When we started fulltime RVing in February 2014, our only pet was a bearded dragon named Trogdor. In the past four years, Trogdor passed on, Caspian was born, and we adopted two rescue cats. Over time and extensive conversation, we made the decision to rehome both cats, as we prepare for the next phase of our life and travel. [Read more…]
If we don’t spend at least one night within a state’s borders in our RV, then we can’t add it to our state map. That’s our rule. So while we traveled through Idaho in 2016, we didn’t get to claim it as conquered. No matter what it took, that was going to change this year.
It wasn’t much of an inconvenience. We left Jordanelle State Park after work on Friday of Memorial Day weekend and drove a beautiful 227 miles to Indian Creek. This dry camping area in Caribou-Targhee National Forest is free, with a 5-day stay limit.
We chose to get as close to the water–Palisades Reservoir on the Snake River–as we could. The road towards the water has some unpleasant potholes, but the distance isn’t long. We turned off on the last path to the right, and pulled onto the grass just off the road. [Read more…]
In a country as large as the United States, it is actually possible for entire regions to be magnificent, and yet unknown to almost everyone. I know, because I’ve been to Heber Valley in Utah.
I’ve said before that our travel day limit of 250 miles forces us to stop places we’d normally skip. We needed to get from Moab to Grand Teton, and our 250 miles fell right around Jordanelle State Park in Heber Valley, right outside Heber City. While the situation with the state park ended up being slightly irksome, the area itself was stunning. I’m so glad we stumbled upon it. [Read more…]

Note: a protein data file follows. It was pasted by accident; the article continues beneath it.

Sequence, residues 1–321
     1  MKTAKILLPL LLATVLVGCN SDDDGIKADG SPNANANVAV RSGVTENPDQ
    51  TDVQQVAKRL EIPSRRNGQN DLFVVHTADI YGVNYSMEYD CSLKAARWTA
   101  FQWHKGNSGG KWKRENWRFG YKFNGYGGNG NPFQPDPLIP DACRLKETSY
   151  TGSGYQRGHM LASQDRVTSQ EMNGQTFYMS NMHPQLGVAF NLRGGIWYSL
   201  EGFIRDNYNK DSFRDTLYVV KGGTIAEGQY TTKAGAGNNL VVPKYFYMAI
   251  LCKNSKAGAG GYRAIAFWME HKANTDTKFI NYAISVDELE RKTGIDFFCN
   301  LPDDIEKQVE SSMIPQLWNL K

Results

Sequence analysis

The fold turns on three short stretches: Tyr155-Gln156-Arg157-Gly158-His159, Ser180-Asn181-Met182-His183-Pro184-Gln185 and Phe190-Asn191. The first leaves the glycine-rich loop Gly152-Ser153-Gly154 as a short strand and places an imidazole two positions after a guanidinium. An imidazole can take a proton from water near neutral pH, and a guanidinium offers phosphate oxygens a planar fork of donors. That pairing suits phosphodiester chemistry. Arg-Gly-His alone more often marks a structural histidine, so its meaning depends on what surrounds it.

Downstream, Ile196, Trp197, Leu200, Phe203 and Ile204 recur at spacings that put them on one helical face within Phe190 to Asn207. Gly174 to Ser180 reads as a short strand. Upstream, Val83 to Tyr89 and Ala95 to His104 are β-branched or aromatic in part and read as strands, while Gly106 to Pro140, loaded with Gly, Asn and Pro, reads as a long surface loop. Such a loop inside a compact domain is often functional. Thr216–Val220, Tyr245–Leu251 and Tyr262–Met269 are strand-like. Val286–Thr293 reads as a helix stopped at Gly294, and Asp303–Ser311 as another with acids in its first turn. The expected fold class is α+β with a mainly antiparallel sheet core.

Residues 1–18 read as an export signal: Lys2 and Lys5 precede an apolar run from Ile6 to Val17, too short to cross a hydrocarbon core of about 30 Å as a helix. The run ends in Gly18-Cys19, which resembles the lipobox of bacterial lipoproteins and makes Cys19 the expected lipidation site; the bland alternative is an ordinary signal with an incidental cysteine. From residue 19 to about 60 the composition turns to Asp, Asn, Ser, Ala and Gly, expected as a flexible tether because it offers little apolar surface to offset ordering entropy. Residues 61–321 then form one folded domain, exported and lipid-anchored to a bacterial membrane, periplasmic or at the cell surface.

Off-roading and Jeep culture are a huge part of our lives. Ever since we bought a Jeep Rubicon in summer 2016, we’ve gotten really into meeting people in the Jeep community, modifying our Jeep, and challenging ourselves with harder and harder trails. Jeeping is definitely Eric’s #1 hobby (though he’d probably use a more intense word).
For my part, I enjoy 4×4 trails that combine beautiful scenery with interesting obstacles. (I’m not super into jolting over rocks for hours.) I do appreciate the places our Jeep allows us to access, that we’d never be able to get to otherwise.
Though my passion for Jeep life may not be as strong as Eric’s, we were both looking forward to staying in Moab, Utah. Moab is an international destination [Read more…]
Zion National Park. Bryce Canyon National Park. On to our third in Utah: Capitol Reef National Park.
This one required some special doing. We left Toquerville after work on a Friday, and drove 200 miles through Fishlake National Forest and along the edge of Manti-La Sal National Forest. We traveled through beautiful farm land bordered by grass-covered hills. I had no idea there was a place in the United States that looked like this. It reminded me of photos I’ve seen of the Scottish Highlands.
And then the grassy hills gave way to brilliantly colored, jagged rock. Through the small town of Torrey, with its inviting restaurants, outdoor adventure companies, and local motels. We used the Jeep to scout our dry camping options and ended up in Capitol Reef Overflow, about half a mile outside the boundary of the park. [Read more…]
We had a fabulous time in Arizona, but we were more than ready to enter Utah. Believe it or not, Utah was the first state we added to our travel map since Montana in mid-2016. 😶
Our two-fold mission in Utah: visit all five national parks and do tons of off-roading with our Jeep. Will we succeed? [Read more…]